As ever, I have many thoughts throughout the day that I am keen to write about. The text pours forth in my imagination, smoothly and seamlessly onto the page, musing wittily about some aspect of my life that is relevant, like the books I’ve been reading, movies I’ve been watching, or fun outdoor stuff I’ve been doing. Only the reality is that not only does the prose not really flow, but most of my thoughts are occupied with counting down the hours until I get some pathetic little “me” time in the evening, which I then spend unable to decide what to watch on Netflix, and disappointed that I’ve not only watched all of The Good Place to date, but have finished the slightly mediocre but deliciously trashy Sabrina.
In my head, I do really cool stuff with my life. In my head, I am busy training for Ama Dablam; I practice my violin for no better reason than to be in touch with my inner artist, and think of Thomas Mann. I am quite obsessed with the scene of the mother who plays the violin for her children in Buddenbrooks, and when I was 23, I resolved that was the mother I would be. Instead, I have today done nothing very improving with the kids, most of their activities centring around the sandpit in the shopping centre, and a visit to a toy shop. I ignored Conrad when he wanted me to explain the activities in his book, because I was trying to tweak my CV for a job application.
Life seems so full of little vicissitudes, feeling constantly as if I can get nothing right, as if I am a person whose input no one values; a housewife with a dirty house, sick children and a reheated dinner. It’s not that I was ever under any illusions that I would do anything exceptional with my time on earth; I have always accepted that simply keeping on top of the details (budgets, jobs, your partner’s needs, and of course the huge iceberg that is doing a good job as a parent) is really all that’s required for a contented life. I knew that my time at Merton really would be the high point; a time when the conversations I had with my contemporaries thrilled me with their lack of boundaries and conventions, when we were unburdened with all the doubts that time etches into you, or with the need to fit into the strange social rules of being a family (i.e. everything you do or say with or about your kids is judged by every other mother, as if 50% of the population must suddenly have the same approach as each other).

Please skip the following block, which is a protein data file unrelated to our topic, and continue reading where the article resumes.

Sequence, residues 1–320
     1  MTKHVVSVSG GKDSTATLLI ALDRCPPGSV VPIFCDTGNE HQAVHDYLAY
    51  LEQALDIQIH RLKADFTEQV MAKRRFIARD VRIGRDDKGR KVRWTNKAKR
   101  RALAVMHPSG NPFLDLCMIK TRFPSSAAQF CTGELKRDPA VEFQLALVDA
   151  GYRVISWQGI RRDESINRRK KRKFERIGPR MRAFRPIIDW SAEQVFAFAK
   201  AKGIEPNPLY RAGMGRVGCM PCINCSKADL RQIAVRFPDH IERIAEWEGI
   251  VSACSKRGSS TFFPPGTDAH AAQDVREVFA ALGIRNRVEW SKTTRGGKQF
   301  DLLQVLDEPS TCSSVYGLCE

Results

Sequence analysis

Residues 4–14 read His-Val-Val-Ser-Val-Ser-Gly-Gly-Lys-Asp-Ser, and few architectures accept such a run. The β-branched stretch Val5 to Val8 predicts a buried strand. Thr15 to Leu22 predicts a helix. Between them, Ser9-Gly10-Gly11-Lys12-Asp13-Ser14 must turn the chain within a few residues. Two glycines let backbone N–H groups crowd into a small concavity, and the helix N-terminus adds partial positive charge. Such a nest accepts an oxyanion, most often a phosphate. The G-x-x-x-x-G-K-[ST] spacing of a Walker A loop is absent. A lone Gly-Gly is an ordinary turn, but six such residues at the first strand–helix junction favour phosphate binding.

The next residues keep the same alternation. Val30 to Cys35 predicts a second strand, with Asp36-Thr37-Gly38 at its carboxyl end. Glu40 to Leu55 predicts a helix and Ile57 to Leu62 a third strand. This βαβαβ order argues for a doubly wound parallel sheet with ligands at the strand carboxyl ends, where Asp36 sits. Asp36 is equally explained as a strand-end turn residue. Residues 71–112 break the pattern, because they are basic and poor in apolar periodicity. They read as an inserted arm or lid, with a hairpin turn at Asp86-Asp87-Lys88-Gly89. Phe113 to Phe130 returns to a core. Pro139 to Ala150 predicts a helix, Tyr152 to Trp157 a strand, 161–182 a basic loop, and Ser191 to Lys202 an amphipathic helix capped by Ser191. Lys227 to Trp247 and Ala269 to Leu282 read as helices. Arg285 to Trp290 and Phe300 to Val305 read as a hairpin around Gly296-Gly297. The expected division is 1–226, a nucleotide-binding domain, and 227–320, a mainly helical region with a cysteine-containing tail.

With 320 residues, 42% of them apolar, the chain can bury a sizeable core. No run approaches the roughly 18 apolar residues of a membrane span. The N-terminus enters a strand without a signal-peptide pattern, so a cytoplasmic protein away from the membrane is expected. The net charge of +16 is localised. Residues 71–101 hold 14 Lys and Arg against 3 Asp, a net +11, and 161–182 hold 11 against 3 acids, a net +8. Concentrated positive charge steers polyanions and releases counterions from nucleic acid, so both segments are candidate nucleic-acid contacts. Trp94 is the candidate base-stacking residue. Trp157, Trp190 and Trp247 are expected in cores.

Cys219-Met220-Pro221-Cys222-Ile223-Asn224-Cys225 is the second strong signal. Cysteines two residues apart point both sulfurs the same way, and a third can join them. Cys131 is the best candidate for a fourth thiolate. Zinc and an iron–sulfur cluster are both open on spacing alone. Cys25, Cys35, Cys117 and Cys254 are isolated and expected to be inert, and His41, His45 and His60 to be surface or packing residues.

So, in absence of being able to go climbing to get my visceral fix of gratitude for being alive, I think it is time to go back to The Walking Dead. This is where I can go to remind myself of how great this all is, our food security and overall safety. I can daydream about whether I would survive, whether my skills are useful, what we would do for food, how I would use all my currently imaginary fitness to traverse the landscape, randomly soloing a few E1s, rescuing strangers from the clutch of the marauding hordes with our many ropes, being the heros. Sure thing…